September 2018
Volume 18, Issue 10
Open Access
Vision Sciences Society Annual Meeting Abstract  |   September 2018
No change in perceived hand size after Rubber Hand Illusion induction
Author Affiliations
  • Sam Thomasson
    Neuroscience Program in the Department of Psychology at Rhodes College
  • Jason Haberman
    Neuroscience Program in the Department of Psychology at Rhodes College
Journal of Vision September 2018, Vol.18, 102. doi:10.1167/18.10.102
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      Sam Thomasson, Jason Haberman; No change in perceived hand size after Rubber Hand Illusion induction. Journal of Vision 2018;18(10):102. doi: 10.1167/18.10.102.

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      © ARVO (1962-2015); The Authors (2016-present)

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Abstract

The human brain develops a representation of one's own body by integrating visual, proprioceptive, and somatosensory information into a coherent whole. This representation can be altered or disrupted when the sensory input is altered. Notably, the Rubber Hand Illusion (RHI) can be used to induce ownership of a fake hand into a subject's self-representation. In one study with upper arm amputees, by stroking amputees' stumps while synchronously stroking a visible fake hand, the illusion caused the stroke to be felt in the location of the fake hand (Ehrsson et al. 2008). Although the RHI may be robustly induced by objects that only vaguely resemble a real hand (e.g., a rubber glove), it remains unknown whether the size representation of one's hand may be manipulated by changing the size of the inducer. In the current set of experiments, we tested whether induction of the Rubber Hand Illusion can consistently alter an observer's hand size representation toward the size of the fake hand. In a 2AFC task, observers were shown images of their own hand at various sizes and asked to respond as to whether the image was smaller or larger than their real hand, before and after induction of the Rubber Hand Illusion. After successful induction of the illusion, observers' responses did not show a change in perceived size of their own hand. This implies that while observers may experience ownership of the hand, they are not integrating all features of the hand (e.g., size) into their own body representations.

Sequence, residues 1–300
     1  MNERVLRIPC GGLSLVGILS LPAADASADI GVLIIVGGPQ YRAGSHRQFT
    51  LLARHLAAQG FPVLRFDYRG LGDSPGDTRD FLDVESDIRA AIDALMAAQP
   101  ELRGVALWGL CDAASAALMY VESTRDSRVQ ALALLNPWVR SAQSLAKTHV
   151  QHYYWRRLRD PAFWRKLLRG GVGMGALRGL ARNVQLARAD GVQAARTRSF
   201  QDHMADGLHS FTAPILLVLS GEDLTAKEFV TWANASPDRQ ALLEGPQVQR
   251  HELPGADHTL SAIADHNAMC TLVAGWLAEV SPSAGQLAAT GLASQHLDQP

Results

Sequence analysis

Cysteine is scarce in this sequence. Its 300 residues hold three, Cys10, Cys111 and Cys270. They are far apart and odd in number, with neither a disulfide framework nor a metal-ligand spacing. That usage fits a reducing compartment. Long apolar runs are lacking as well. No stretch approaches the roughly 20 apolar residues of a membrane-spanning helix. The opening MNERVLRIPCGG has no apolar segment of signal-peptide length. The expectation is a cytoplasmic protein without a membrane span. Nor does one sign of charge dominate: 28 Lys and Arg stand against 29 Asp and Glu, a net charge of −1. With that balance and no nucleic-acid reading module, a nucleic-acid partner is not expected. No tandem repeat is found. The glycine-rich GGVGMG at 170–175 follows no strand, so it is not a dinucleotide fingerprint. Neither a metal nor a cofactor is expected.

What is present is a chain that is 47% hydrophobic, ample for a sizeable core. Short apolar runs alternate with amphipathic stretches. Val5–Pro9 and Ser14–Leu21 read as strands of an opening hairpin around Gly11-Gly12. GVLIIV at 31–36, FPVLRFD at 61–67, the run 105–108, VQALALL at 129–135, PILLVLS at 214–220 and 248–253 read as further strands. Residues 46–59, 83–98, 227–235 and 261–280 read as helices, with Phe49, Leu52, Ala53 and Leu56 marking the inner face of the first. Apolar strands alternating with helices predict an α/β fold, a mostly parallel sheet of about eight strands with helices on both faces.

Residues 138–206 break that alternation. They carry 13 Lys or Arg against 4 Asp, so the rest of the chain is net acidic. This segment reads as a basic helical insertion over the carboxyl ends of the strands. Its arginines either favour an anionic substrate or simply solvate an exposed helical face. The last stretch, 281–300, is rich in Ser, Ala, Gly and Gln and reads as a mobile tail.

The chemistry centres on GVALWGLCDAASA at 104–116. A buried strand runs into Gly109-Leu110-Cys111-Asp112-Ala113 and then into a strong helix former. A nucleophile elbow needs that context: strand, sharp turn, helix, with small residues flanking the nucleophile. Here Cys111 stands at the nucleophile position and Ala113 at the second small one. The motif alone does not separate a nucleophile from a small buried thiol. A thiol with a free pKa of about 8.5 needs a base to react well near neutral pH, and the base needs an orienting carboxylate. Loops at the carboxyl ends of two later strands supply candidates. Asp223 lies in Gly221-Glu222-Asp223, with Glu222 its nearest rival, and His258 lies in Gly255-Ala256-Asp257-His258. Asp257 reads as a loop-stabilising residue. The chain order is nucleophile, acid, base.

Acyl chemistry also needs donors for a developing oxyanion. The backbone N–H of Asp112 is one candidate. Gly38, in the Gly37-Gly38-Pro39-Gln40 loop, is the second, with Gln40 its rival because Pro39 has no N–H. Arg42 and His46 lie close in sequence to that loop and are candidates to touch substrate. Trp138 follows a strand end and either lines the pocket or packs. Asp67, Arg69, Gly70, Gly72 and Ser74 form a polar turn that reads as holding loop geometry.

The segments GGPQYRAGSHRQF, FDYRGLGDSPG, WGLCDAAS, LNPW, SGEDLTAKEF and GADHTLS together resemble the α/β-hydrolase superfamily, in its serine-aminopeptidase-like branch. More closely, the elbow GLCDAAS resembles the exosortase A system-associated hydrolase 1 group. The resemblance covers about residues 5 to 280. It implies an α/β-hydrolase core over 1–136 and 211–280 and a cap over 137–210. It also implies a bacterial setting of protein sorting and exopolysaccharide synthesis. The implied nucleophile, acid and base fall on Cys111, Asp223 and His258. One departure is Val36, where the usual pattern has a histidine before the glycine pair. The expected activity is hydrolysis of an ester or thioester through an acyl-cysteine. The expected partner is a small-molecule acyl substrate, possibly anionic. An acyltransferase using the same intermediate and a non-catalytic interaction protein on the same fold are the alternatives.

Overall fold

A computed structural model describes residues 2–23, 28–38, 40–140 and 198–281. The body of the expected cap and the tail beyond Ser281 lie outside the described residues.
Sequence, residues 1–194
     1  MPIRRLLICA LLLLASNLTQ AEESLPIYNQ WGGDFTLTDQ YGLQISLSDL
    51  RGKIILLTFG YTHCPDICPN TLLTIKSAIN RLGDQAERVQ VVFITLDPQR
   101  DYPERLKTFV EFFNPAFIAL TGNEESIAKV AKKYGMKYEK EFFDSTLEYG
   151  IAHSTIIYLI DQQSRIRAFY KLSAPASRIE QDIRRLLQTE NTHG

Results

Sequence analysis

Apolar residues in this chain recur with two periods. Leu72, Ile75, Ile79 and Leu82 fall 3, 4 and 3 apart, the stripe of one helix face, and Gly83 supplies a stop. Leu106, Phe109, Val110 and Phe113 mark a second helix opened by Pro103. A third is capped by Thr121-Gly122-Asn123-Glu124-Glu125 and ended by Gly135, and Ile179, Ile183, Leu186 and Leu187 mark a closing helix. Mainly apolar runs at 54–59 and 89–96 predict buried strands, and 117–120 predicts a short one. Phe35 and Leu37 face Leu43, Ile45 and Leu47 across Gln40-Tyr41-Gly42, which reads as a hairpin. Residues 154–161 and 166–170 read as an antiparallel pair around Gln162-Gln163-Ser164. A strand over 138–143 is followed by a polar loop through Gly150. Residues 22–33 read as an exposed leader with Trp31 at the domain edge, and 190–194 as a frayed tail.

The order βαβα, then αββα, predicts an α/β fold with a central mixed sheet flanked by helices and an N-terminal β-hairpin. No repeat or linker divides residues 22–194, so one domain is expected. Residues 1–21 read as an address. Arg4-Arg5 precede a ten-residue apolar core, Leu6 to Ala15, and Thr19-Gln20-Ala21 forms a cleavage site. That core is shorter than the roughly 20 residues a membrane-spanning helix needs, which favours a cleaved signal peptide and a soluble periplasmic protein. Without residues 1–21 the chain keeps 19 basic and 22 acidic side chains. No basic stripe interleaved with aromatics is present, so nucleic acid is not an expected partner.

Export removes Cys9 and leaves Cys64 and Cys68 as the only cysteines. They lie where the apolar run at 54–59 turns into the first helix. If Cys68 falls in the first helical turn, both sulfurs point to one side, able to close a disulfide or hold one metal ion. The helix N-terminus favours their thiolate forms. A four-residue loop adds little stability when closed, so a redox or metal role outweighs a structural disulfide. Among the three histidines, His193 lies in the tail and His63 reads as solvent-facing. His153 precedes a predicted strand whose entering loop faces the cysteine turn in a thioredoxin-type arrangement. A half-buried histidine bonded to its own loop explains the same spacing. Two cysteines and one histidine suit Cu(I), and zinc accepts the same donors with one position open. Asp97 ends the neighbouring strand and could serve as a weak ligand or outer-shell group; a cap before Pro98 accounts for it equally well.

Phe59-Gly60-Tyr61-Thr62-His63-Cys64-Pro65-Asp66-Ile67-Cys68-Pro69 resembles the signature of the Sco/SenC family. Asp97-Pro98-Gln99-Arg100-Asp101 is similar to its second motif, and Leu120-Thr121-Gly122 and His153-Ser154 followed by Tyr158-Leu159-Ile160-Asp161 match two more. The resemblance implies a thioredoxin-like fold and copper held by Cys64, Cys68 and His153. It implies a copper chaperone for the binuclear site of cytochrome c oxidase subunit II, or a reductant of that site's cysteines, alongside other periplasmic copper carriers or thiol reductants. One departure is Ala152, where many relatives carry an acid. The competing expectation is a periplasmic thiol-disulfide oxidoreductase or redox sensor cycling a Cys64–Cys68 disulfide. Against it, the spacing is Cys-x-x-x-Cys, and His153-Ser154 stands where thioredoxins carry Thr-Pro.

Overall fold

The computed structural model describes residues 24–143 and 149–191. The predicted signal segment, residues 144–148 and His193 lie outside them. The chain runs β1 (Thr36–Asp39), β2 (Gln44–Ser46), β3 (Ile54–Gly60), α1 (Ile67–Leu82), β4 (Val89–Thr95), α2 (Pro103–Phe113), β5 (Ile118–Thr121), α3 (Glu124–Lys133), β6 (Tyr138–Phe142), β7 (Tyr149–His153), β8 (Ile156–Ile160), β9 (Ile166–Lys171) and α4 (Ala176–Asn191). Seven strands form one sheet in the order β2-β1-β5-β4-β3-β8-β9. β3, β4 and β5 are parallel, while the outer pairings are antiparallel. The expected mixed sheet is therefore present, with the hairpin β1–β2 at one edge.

Meeting abstract presented at VSS 2018

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